“Last Wednesday, a group of members of the faculty met to discuss the issues the lawsuit raises,” Associate Professor of English Stephen Hock said. “Dean O’Rourke also attended that meeting. In that discussion, a consensus emerged that it would be a good idea for Community Council to meet as soon as possible, so that the members of the college community, especially students, could have their voices heard on the issues raised by the lawsuit… [we] then contacted the members of the Agenda Committee to check that a majority of them agreed that Community Council should meet, and that was that.”
Because the lawsuit is pending, college administration could not comment on specific aspects of this case.
“We are limited about what we can say,” Greer said. “We have to keep in mind the privacy of our students. Because of this, the resulting coverage is one sided and only shows one side’s allegations”
Many students recognized that the privacy of those involved was important, but that the schools decision to refrain from any comment was frustrating.
“I personally take a lot of pride in being at Wesleyan,” said senior Paul Kaufmann. “That being said, it’s really difficult to find that pride when the only structured opinion is one that is coming from the outside. I just think there was a better way to handle this.”
Although the facts of the case were not specifically discussed, the community did discuss the other issues the case raised. Many students addressed issues with the case in the context of perpetuating rape culture.
“If we allow a precedent like this [case] to exist, it will keep happening,” said sophomore Emily Joy. “I am worried about the potentially hostile environment this could create. I know the last thing that we want is to sustain a culture that says that rape is ever okay”.
Women Against Violence Against Women says rape culture is, “A term that was coined by feminists in the United States in the 1970’s. It was designed to show the ways in which society blamed victims of sexual assault and normalized male sexual violence.”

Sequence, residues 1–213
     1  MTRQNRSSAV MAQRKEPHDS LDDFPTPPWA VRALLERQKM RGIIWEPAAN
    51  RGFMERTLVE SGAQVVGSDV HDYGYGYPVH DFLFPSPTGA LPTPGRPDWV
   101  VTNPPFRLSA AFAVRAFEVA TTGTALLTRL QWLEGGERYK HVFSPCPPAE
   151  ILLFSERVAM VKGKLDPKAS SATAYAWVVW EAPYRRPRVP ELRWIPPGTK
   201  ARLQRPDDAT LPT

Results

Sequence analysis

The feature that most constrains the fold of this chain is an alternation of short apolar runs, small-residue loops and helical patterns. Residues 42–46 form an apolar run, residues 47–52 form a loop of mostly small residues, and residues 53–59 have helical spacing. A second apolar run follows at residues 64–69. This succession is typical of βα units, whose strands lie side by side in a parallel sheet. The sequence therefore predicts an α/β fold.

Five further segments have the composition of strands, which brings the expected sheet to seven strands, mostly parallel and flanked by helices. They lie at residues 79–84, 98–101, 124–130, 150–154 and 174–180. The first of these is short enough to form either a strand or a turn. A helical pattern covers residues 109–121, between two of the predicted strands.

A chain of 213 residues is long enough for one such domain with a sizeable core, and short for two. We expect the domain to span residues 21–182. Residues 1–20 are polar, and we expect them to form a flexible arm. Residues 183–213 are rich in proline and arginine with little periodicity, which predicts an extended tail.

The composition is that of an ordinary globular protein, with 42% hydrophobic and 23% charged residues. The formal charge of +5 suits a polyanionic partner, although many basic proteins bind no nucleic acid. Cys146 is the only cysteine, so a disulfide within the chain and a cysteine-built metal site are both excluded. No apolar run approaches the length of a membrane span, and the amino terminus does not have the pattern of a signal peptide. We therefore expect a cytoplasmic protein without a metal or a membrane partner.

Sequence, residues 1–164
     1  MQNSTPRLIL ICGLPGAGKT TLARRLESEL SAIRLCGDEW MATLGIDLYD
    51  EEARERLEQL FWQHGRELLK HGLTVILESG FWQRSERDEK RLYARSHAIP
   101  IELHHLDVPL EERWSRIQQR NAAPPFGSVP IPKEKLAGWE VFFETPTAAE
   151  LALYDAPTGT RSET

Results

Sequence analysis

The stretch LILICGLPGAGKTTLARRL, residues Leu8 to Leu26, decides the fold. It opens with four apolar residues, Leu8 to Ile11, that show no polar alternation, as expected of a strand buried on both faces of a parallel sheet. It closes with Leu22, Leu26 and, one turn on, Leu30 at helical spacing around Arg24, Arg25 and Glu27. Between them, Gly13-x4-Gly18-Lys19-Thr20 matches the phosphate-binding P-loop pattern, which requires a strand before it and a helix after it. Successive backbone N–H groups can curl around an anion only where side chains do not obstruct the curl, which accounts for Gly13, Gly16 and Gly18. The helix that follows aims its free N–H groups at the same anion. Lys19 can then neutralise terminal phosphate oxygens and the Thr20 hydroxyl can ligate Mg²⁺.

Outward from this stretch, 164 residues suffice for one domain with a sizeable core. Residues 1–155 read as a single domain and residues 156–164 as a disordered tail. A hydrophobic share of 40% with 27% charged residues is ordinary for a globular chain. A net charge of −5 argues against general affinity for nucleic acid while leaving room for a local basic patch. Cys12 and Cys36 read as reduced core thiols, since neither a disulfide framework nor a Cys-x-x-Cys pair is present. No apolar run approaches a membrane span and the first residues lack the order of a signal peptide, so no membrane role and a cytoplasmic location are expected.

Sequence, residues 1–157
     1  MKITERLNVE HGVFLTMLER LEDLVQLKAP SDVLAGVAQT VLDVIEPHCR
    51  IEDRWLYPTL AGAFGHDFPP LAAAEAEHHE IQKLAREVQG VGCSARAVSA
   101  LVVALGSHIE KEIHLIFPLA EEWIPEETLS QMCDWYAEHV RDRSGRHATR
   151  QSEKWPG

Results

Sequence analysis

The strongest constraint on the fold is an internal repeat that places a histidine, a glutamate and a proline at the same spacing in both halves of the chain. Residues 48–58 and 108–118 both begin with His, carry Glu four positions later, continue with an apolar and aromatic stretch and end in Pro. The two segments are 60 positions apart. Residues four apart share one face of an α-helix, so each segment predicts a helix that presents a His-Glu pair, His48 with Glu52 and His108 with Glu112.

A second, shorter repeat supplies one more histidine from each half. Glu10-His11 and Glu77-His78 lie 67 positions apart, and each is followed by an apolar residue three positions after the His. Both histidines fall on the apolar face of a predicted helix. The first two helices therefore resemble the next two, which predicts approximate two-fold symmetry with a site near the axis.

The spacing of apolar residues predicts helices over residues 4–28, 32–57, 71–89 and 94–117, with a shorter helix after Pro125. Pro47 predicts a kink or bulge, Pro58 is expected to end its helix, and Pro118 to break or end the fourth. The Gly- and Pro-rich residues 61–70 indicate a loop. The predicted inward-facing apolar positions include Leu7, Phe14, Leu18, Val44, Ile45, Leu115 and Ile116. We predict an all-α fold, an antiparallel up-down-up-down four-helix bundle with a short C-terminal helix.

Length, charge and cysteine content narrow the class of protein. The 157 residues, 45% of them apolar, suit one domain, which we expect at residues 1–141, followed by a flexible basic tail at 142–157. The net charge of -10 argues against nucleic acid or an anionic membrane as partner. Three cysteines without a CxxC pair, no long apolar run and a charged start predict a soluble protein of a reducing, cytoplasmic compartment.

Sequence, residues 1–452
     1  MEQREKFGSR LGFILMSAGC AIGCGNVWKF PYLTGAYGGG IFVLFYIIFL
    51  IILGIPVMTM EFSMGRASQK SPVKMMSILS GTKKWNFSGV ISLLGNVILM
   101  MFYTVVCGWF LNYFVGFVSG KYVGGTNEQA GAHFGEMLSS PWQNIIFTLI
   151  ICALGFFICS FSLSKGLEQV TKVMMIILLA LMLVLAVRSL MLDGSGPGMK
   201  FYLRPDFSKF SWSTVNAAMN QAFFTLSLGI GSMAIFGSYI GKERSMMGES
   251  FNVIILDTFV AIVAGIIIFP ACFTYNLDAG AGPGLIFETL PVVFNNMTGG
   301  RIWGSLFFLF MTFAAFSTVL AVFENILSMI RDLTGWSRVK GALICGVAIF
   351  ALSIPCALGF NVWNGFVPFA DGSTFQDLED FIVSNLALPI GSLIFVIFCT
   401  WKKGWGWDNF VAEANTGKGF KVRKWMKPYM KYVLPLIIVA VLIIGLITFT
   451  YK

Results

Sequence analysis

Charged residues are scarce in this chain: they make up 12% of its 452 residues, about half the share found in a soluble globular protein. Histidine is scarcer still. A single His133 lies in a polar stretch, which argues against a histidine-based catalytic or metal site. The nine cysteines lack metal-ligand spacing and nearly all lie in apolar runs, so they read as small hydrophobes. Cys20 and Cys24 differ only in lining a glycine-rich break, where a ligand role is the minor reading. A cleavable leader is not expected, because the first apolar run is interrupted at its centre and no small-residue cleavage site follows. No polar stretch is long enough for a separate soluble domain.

Clubs like Phenomenal Women and The Red Flag Campaign focus on empowering individuals to take ownership of themselves.
“We have a responsibility to one another as students,” said President of Phenomenal Women and senior Sarah Nwokorie. “We have to look out for one another. You have to say something when you see something”.
The tension in the room began to slowly lift as more students and faculty approached the microphones to voice their opinions and concerns.
“I owe a lot to VWC; it has impacted my life in so many ways”, said Student Government Association President and senior Immani West. “Argument and debate is a healthy thing, it bridges the gaps between people and allows us to understand each other. When we have an issue, we need to be transparent about it and we need to talk about it. Our biggest fears are not of things that are known, it is the fear of the unknown.”
It is still unclear what steps will be taken in response to the concerns and questions that were raised at the council. However, there is a hope that this forum will spark a larger conversation in the community.
“I hope that [this is] the beginning of a discussion of the issues the lawsuit raises, not the end of the discussion,” said Hock. “I hope that it makes clear that all members of the college community, students, faculty, staff, and members of the administration, need to be involved in that discussion”.
Although the administration could not comment on the specifics of the case, the issues raised among the community indicates a long road ahead in solving these problems. The community has voiced their opinions and the administration has an opportunity to make lasting change.
“Thanks for being here,” O’Rourke said. “Let’s get to work.”